North Carolina congressman Patrick McHenry has proposed a bill that, if passed, could redefine the Environmental Protection Agency (EPA)'s emissions control regulation rules for cars used primarily on race tracks.  

McHenry's Recognizing the Protection of Motorsports Act of 2016, or "RPM Act," specifically targets the EPA's attempt to regulate emissions controls on cars modified for racing use.

Arguing that the EPA's regulations are an "overreach," McHenry's proposal would allow for owners to modify or remove emissions controls on cars used solely on race tracks.

The proposal has gained the support of the Specialty Equipment Manufacturer's Association (SEMA), which was an early and outspoken critic when text targeting non-road vehicles like race cars was brought to light last month. However, the EPA said that its use of the wording "non-road vehicles" was intended to apply to snowmobiles and motorcycles, not cars.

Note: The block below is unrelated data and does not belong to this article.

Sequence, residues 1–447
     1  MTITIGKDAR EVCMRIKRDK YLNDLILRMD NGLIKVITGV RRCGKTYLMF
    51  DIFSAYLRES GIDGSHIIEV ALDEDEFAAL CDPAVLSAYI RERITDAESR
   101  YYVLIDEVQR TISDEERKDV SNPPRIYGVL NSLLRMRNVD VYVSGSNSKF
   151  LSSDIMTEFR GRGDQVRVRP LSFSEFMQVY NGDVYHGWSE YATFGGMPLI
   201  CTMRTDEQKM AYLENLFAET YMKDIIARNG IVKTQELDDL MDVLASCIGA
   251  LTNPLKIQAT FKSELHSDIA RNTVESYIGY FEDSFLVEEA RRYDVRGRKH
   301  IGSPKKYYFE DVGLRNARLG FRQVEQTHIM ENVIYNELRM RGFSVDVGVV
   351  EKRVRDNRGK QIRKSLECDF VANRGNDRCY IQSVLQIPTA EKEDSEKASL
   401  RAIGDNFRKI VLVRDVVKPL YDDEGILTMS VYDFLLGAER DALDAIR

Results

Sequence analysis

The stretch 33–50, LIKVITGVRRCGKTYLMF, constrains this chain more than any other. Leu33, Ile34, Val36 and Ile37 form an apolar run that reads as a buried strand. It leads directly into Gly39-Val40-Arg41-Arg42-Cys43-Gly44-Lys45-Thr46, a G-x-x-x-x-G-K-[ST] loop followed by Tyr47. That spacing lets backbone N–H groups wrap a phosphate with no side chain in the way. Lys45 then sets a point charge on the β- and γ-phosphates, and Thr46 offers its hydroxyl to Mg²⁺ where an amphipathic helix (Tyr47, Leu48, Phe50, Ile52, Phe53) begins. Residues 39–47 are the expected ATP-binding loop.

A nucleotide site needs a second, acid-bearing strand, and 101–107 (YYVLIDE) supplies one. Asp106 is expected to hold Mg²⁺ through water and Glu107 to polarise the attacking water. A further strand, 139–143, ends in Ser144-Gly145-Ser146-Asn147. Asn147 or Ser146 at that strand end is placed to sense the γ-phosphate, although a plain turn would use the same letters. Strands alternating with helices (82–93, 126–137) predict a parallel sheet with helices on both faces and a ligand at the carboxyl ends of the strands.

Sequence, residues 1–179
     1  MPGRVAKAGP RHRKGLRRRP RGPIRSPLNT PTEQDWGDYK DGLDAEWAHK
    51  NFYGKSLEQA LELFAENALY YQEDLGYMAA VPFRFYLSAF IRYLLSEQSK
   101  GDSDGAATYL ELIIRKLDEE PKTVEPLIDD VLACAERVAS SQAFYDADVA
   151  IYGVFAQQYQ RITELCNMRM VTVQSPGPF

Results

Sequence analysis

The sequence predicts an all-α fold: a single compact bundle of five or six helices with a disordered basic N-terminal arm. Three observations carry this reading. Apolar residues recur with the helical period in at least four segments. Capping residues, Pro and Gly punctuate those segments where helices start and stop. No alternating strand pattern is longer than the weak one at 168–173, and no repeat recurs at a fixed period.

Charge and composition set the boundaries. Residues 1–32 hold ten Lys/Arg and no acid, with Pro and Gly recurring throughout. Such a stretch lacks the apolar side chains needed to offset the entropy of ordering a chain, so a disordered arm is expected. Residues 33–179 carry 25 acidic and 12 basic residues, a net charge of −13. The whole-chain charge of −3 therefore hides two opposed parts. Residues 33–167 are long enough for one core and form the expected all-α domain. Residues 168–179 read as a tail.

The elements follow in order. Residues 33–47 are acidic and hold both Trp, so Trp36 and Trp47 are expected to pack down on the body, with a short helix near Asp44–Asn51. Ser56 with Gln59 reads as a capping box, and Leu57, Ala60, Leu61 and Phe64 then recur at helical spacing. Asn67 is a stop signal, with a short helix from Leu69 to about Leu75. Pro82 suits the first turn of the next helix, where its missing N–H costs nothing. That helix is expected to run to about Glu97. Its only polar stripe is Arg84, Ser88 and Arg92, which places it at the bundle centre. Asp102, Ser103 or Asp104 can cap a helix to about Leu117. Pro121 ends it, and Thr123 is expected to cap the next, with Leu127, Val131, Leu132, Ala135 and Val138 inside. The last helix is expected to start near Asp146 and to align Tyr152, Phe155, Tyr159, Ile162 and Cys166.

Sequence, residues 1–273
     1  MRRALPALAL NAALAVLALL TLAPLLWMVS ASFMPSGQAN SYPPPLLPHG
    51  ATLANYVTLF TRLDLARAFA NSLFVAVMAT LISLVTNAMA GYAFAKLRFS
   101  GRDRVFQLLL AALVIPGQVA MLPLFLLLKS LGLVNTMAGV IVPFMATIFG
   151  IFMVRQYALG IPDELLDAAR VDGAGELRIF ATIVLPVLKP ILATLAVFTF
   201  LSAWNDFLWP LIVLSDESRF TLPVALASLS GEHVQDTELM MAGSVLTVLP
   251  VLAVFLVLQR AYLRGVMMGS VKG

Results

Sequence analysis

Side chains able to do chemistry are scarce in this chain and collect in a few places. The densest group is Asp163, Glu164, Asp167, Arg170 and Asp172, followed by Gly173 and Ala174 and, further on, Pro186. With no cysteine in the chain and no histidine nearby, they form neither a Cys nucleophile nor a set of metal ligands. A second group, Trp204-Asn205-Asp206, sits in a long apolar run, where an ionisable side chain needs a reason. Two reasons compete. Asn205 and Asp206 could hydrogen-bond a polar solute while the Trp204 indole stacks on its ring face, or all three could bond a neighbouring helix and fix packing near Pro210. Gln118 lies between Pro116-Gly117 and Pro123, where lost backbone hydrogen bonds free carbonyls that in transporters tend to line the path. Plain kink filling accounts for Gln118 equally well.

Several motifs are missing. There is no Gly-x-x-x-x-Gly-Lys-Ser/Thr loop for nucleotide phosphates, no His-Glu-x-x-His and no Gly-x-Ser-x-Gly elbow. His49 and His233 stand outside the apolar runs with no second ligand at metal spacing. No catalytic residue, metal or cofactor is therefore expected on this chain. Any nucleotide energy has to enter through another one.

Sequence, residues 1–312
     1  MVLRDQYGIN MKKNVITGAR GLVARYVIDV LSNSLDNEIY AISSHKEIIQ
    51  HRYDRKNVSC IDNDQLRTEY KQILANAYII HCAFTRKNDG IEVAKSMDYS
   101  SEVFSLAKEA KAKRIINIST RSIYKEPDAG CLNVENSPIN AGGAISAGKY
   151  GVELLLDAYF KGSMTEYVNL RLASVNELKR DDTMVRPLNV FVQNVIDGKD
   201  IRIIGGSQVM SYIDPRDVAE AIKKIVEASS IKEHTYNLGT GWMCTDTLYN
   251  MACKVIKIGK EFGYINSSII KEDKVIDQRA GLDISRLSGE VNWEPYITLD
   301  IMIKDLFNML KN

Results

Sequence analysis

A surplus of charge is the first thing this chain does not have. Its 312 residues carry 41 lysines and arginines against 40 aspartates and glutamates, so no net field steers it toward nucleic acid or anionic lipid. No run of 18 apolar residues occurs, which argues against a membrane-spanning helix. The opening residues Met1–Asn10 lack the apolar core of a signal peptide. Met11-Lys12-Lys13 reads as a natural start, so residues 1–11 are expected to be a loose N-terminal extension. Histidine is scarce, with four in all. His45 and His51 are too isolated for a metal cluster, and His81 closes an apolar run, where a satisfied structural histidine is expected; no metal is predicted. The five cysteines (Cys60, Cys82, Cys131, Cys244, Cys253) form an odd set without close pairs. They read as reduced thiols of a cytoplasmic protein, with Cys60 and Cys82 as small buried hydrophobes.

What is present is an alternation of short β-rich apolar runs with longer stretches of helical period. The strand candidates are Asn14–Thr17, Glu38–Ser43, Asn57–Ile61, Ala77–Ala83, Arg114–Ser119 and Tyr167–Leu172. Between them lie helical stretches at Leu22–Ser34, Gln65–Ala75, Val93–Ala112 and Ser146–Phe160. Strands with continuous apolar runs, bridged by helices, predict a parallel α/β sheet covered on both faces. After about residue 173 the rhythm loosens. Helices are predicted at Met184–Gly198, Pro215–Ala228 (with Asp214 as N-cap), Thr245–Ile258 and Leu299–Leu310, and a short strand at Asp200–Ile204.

Vehicles that are licensed for use on the road have always been required to retain their emissions equipment, although not all states and municipalities will specifically inspect cars after they are sold new. The controversy here is over cars that are used only on closed courses.

SEMA had feared that its members, many of whom build parts for racing cars that specifically remove or modify factory emissions equipment.

Notably, McHenry's North Carolina district is considered the home of NASCAR. While NASCAR racing cars are not actually "stock cars" in the strictest sense, the area is known for its passion for motorsports in general.


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